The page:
I’m not asserting that being in my 30s gives me an excuse to be oblivious to it. I’m saying much of the audience would have been between ten and twenty years old at the time of the historical decision. So, wrongly or not, I’d have expected them to know and remember a lot more than I do.
From this question on, the play is designed like an anthropology book, but one I actually would enjoy reading, or–in this case–watching. I should know since I was on track to spend my life and career in anthropology.
And it goes something like this.
Let me tell you a story, from different points of view. And I don’t care if you agree or not with me. I will tell you the story in a piecemeal fashion, with its good and bad, ugly and beautiful parts and then toward the end, you can make up your mind about the topic.
And the beauty with Roe, the play, is that it doesn’t just tell you a story.
It makes you think about so many more other stories, facts and decisions sneakily chipping away at our collective personal freedoms. And it does so in a subtle fashion, so that you never realize what you are about to lose–or what you have just lost.
And that is Roe, a historical dramatization of events where humor and awkward moments are closely intertwined, covering everything from where the Roe versus Wade started, as a struggle, to where we are today, in 2020.
Literally, one of the references made toward the end of the play talks about the 200 Congressmen who asked the US Supreme Court to reconsider Roe v. Wade on January 3rd 2020.
In the beginning there were Norma McCorvey and Sarah Weddington
In the first twenty minutes of the play, we are introduced to the main historical characters of Norma (played by Kate Middleton) and Sarah (played by Christina Hall).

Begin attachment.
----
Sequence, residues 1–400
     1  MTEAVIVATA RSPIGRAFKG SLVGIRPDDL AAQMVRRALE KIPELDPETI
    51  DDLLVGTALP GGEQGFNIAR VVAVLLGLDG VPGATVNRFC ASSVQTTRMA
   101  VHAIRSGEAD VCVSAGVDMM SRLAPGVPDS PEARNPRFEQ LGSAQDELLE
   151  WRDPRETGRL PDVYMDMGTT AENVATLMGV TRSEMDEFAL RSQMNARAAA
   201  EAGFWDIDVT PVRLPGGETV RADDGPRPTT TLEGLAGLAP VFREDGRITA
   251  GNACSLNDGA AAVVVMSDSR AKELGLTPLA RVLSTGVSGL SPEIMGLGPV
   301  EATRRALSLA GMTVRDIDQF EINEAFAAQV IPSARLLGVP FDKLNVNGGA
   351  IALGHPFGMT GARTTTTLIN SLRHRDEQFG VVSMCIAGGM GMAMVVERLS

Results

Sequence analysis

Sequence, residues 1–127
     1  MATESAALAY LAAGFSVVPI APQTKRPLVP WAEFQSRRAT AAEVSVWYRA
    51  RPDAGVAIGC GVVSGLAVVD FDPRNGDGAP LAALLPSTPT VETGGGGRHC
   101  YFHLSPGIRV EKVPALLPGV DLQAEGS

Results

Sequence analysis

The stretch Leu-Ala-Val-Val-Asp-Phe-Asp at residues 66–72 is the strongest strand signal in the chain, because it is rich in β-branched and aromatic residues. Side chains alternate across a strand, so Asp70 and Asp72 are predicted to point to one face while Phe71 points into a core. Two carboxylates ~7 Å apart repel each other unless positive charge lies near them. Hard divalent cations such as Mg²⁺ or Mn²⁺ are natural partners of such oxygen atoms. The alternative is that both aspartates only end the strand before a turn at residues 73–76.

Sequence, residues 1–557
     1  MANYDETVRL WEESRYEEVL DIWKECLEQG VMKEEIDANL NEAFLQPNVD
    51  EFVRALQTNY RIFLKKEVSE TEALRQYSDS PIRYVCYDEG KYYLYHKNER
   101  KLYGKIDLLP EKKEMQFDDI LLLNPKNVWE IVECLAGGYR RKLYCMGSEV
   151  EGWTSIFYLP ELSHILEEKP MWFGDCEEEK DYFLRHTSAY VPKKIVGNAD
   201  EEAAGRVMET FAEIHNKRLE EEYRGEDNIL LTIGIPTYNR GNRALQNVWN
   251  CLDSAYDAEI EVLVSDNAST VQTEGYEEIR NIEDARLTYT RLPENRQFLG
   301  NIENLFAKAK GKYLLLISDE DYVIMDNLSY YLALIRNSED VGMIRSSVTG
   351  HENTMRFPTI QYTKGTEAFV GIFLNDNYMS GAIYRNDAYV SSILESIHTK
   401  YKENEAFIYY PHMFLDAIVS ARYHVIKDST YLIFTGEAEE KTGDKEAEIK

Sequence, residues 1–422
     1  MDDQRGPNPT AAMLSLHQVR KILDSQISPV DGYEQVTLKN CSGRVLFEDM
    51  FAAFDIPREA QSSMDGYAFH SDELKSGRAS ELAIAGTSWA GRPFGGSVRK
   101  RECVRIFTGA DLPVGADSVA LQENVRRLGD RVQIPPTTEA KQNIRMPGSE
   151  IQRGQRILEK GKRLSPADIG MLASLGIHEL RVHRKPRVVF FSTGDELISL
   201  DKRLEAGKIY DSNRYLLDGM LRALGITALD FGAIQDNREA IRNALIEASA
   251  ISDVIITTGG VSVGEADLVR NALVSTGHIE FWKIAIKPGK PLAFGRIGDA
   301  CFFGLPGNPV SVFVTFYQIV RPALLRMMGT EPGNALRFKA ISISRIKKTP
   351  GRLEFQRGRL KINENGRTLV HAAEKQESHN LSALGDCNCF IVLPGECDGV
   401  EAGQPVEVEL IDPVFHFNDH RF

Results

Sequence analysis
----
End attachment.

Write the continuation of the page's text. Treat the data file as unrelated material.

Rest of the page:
Norma, the pure definition of “white trash” is desperately trying to get by, despised by her mother, who takes away her first-born because she can’t bear the thought of her “queer” daughter (character’s word not mine) raising her daughter. And then there’s Sarah, a young and ambitious lawyer who wants to make a stand for women’s rights.
Their paths cross, just as in real life, when a pregnant Norma talks to a local lawyer about getting an abortion, which was illegal at the time.
The lawyer declines, but refers her to Sarah and Linda Coffee, (played by Meg Warner), the other attorney in Roe versus Wade, who consciously decided to stay out of the public eye after the historical decision. Because of this, virtually no one knows she existed. The two young attorneys want to challenge Texas’ anti-abortion law.
After Norma agrees to be represented, the judicial process takes its course and the decision is overturned at the state level but the governor refuses to comply, still making a doctor’s act illegal in performing an abortion, therefore rendering the court win a moot point.